NPR hits the nail on the head about a homeowner who successfully got a loan modification. The question now becomes... Now what?
Salter needed to lower his $2,300 monthly payment because he lost his job as a human resources executive — and with it, 40 percent of his family's income.
It took a year, but his lender, Chase, offered to extend the mortgage from 30 to 40 years and lower the interest rate from 6.8 to 2 percent. That would cut his payment roughly in half, which makes Salter's initial reaction to the offer seem bizarre.
"I call it extortion," Salter said. "Government-backed extortion. I mean, who in their right mind would accept this? No one would. No one should."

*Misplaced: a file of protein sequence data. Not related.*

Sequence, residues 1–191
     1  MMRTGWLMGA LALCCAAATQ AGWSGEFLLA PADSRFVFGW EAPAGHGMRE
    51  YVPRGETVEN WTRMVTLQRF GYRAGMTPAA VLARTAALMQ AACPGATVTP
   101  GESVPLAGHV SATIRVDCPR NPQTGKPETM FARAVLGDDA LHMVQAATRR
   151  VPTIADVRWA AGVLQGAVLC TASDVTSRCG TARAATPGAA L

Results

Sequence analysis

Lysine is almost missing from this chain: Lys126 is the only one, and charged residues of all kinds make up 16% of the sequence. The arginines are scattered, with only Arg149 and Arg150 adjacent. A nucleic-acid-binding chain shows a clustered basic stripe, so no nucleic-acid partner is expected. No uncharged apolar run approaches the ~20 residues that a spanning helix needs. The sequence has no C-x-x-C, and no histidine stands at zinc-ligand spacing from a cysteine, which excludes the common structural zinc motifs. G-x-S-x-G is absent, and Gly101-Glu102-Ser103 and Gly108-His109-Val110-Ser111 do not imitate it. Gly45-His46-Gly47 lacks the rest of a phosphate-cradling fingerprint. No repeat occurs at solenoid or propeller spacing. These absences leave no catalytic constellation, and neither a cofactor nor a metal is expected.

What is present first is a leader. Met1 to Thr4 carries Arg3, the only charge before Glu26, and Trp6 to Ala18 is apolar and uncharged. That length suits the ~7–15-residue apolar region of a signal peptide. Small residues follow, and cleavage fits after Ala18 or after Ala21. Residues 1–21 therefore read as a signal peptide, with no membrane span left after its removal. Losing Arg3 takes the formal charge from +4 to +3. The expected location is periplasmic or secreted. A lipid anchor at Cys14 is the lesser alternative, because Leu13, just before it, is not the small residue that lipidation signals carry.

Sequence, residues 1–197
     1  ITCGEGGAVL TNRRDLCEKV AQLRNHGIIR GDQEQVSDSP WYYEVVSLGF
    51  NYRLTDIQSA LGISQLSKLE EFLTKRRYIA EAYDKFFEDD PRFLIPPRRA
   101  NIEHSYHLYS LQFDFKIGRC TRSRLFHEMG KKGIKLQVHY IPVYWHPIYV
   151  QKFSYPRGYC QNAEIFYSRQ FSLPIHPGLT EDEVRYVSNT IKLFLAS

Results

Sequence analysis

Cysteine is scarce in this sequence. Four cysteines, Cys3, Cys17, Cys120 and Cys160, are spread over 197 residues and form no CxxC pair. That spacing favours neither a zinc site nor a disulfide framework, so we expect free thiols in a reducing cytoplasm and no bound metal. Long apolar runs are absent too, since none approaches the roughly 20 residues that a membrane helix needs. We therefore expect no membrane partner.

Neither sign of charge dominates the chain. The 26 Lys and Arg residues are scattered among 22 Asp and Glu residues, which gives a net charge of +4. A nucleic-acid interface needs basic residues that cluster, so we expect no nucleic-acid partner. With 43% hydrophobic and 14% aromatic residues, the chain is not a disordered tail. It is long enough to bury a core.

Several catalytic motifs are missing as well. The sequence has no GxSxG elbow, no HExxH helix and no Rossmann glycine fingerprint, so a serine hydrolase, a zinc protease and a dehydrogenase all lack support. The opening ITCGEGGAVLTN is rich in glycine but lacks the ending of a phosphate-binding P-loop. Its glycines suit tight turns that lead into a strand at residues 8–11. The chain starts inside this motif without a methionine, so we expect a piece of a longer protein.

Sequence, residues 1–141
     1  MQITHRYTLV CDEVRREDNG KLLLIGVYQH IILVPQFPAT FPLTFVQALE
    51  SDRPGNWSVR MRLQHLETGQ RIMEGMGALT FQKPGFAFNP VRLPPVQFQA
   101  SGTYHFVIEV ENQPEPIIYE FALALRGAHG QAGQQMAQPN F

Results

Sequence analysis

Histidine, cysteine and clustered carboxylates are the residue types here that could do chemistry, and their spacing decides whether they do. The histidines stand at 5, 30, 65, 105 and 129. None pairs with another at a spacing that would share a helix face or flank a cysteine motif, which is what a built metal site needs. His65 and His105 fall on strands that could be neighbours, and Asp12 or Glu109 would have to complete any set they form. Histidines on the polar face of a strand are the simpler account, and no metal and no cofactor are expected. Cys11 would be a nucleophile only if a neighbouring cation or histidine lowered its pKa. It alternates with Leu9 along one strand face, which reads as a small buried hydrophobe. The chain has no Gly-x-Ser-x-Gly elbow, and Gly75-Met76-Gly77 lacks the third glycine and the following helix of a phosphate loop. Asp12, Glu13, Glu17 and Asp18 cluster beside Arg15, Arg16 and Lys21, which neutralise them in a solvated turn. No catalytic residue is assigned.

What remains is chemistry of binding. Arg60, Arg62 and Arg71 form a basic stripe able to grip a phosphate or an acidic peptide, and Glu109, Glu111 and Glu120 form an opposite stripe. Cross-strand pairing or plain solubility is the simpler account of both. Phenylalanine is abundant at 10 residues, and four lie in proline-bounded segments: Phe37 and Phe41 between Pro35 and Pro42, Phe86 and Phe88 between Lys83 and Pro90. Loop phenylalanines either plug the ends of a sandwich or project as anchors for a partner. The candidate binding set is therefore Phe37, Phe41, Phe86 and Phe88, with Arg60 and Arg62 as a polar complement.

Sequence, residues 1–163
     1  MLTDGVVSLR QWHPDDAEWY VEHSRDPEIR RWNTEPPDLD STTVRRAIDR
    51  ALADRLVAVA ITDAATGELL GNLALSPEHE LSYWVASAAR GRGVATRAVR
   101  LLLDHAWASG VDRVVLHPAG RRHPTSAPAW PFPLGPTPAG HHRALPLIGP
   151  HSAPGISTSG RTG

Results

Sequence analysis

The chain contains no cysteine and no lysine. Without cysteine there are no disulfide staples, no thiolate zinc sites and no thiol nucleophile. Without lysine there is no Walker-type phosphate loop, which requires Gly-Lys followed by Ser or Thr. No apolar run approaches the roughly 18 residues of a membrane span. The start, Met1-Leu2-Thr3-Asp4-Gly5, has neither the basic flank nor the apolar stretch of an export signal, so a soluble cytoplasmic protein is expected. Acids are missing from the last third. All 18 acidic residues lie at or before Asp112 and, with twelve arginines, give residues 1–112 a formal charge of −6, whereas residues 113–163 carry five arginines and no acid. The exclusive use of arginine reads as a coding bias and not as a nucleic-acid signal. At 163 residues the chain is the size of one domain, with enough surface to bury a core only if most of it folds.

The mortgage modification solves a short-term problem: It allows Salter to stay in his home. But it doesn't address a long-term issue. Salter's mortgage is about $300,000. Today, his home is worth $125,000. He's underwater.
To prevent fraud and to gain on any upside in housing lenders will defer principal to the end of the loan. The balance isn't due until the end of the loan. This borrower got $107,000 deferred. He is just now realizing he is renting the home from the bank. He always was. I just wonder how many loan mod success stories will come to the same realization.